12 SEPTEMBER 1940, Page 9



IN his statement made to the House of Commons on August 22nd the Home Secretary went some distance to meet the clamour of criticism provoked by the wholesale internment of " enemy aliens." But he still abides by the policy of intern- ment as the rule, and release as the exception. He is unmoved, apparently, by the argument that this is manifestly not a war of nations in the old sense but a " European civil war." What- ever journalists and scribes may write or Members may affirm in the House, for the authorities the only relevant fact, apparently, is the technical one of a person's nationality. All male foreighers bearing certain " national " labels must be put into safe custody or subjected to drastic restrictions. (Women, presumably, as Miss Eleanor Rathbone observed in an earlier House of Commons debate, are regarded as too stupid to be dangerous, so that, with certain exceptions, they are left alone.) What we are up against, I fear, is the administrative mind, which insists on neat classification and is not concerned about the human aspect—which takes account of forms rather than realities. While ordinary intelligent members of the public have tumbled to the idea that many of these alien guests can be of the greatest assistance in the strategy of ideas by which alone we shall win this war, the representatives of the higher bumbledom are still moving majestically along their nineteenth- century grooves.

As it happens, these inhibitions imposed in the name of the security of the State have not stopped at foreigners. A num- ber of blameless English women are affected—blameless, I say, unless it be considered blameworthy to marry outside the British tribe.

The Married Women's Nationality Law lays it down that an English woman on marriage takes to herself—and must take— the nationality of her husband. (For years the women's societies have been up in arms against this man-made law.) But the Act was amended in 1933 to permit British-born women to apply for restoration of their British citizenship in the event of a war with the State of their husband's origin. This position was re-affirmed by a special Order last November. And, as has recently been stated in the Press, hundreds of British women who are married to " enemy aliens " are now having their cases reviewed: they may hope for reinstatement In their birthright, however, only if that husband is free from restrictions—or if wife and husband are separated. In any event it is a terribly slow process. That Married Women's Nationality Act has already stood in the way of the lawful wed- lock of utterly respectable English women: now a premium is placed on separation! Taken in conjunction with the panic measures about " enemy aliens " it has led to the most extra- ordinary anomalies. Another crusade on behalf of these de- nationalised wives is surely overdue. Take the case of Miss X—. For years she had been engaged to a German of unimpeachable character and antece- dents (except that there was a non-Aryan ancestor somewhere) with no sort of " political " record: an architect of no mean repute who had worked with Gropius and who, since the war, had been doing a job, on the administrative side, on the staff of a well-known British radio firm. He had lived here for more than six years—and in the normal course of events would have been naturalised this year. He had, of course, been passed Category " C " by his Aliens Tribunal.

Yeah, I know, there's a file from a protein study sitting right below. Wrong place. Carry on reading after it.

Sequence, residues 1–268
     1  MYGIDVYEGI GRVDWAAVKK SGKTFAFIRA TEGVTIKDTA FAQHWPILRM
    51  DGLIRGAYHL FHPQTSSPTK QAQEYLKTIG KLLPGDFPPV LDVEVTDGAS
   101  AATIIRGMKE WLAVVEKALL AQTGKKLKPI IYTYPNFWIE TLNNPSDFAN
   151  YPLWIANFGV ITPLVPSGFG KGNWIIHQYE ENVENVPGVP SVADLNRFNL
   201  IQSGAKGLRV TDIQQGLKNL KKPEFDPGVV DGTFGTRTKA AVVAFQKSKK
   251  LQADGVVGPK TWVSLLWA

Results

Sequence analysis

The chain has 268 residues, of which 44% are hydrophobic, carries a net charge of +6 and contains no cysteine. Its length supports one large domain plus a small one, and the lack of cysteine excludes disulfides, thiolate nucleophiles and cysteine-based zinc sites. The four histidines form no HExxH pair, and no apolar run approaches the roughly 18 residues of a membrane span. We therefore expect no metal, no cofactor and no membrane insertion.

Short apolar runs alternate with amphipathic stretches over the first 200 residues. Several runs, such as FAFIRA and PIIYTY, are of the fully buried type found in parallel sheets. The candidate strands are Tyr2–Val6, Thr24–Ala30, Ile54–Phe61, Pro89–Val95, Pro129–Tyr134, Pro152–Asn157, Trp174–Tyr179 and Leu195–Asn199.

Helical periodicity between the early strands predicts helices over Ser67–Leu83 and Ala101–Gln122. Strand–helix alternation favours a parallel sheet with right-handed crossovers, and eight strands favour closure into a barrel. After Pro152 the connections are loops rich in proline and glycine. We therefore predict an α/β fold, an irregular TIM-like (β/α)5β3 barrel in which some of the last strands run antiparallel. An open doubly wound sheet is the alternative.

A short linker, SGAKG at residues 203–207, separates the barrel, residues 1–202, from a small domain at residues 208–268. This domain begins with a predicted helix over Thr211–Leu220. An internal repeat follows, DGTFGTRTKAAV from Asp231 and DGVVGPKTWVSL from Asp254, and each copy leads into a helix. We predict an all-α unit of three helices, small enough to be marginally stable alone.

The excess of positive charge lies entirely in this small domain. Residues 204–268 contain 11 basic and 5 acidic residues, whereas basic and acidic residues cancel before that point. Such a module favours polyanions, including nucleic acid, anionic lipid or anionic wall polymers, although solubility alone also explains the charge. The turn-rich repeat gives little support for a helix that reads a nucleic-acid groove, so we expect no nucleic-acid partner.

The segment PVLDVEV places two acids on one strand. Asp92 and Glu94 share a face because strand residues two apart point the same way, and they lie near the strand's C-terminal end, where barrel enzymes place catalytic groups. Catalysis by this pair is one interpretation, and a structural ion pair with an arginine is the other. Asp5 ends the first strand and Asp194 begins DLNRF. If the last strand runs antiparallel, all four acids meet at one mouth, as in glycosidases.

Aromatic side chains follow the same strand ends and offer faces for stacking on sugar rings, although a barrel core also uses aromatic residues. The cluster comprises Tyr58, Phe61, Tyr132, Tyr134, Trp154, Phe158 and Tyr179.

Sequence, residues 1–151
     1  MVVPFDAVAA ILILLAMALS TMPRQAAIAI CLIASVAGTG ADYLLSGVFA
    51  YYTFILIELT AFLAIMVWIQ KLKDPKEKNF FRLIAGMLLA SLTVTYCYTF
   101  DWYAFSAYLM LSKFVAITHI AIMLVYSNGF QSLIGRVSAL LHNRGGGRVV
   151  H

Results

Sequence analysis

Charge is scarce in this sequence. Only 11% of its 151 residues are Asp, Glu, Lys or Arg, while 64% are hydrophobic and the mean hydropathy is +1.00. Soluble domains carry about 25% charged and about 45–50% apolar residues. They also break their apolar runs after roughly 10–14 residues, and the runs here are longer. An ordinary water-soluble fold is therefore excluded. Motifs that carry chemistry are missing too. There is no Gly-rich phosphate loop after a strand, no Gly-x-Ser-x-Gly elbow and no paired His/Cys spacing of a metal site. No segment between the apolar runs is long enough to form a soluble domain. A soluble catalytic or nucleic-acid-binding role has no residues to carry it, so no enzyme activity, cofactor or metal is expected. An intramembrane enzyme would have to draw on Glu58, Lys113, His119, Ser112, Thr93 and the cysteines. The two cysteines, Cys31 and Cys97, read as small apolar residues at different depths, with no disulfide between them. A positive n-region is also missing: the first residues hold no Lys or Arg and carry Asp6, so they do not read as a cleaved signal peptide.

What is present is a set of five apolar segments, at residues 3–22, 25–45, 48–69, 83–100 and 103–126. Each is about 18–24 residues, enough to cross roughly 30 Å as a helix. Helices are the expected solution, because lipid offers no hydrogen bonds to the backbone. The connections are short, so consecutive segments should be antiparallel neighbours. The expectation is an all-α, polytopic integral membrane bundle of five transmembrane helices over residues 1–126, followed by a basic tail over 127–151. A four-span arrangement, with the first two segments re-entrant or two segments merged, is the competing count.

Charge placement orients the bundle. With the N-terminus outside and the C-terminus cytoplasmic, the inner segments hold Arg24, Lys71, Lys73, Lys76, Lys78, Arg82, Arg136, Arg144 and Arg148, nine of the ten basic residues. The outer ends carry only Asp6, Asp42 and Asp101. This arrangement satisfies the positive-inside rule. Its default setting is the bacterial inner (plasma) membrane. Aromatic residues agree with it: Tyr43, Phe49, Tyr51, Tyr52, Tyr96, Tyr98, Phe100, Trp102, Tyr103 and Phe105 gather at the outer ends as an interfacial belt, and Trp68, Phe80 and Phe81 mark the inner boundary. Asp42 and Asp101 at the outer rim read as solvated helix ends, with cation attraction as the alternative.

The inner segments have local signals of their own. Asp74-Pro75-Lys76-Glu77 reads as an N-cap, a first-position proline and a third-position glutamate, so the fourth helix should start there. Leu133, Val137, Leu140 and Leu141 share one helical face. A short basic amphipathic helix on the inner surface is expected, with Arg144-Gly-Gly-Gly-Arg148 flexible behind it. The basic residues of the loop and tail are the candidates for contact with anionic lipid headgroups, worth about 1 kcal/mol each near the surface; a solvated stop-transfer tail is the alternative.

Miss X—, who is a neighbour of mine in an isolated corner of Bucks—in the early part of this year contrived to combine her own trade of lamp-shade-designing with " house- keeping " for me. Not unnaturally her fiancé came to think that if she was going to do any housekeeping it might as well be for him. So m February he bought a house near where he was working, and they were married. But Miss X— was no innocent in this matter of relations with " enemy aliens." She took up with the appropriate authorities (the special Naturalisation Branch of the Home Office) the question of her status, claiming to avail herself of the new ordinance, which made it possible for a woman to reclaim British nationality immediately upon marrying. She was told that, when she had signed all the necessary forms and declarations, she could be sure of getting the certificate re-affirming her British nationality within a period of two months. Whereupon she " took the plunge." She waited ten or eleven weeks—and heard nothing. Then, having found someone to whom to address her protest, she was sternly told that no time-limit could possibly be set to the revolution of bureaucratic wheels and that no official had any authority to talk of a two months' period. On the occasion of her next visit, some weeks later, Miss X— happened to remark that her husband meanwhile had been interned, with all the other Category "C" men. The official, with a characteristic gleam in his eye, observed that this, of course, changed the whole situation, and that her status was now indubitably that of " enemy alien " herself.

So there she is. She may not visit " protected areas "—and therefore cannot go to her own cottage, which is just on the fringe; she is subjected to the curfew restriction; she may not have in her possession a map or a wireless set; she may not, without special permission, use a motor-car or a bicycle—or leave her place of residence even for one night, so that she cannot go and stay the night with her mother who lives five miles away. And now she is told that, so long as her husband is interned, there is no hope of being freed from these restric- tions. The husband, needless to say, does not come into any of the categories so far recognised as justifying a request for release.

I relate this sad tale sans commentaire. It needs none. It is just one more instance of the blunderings of bumbledom.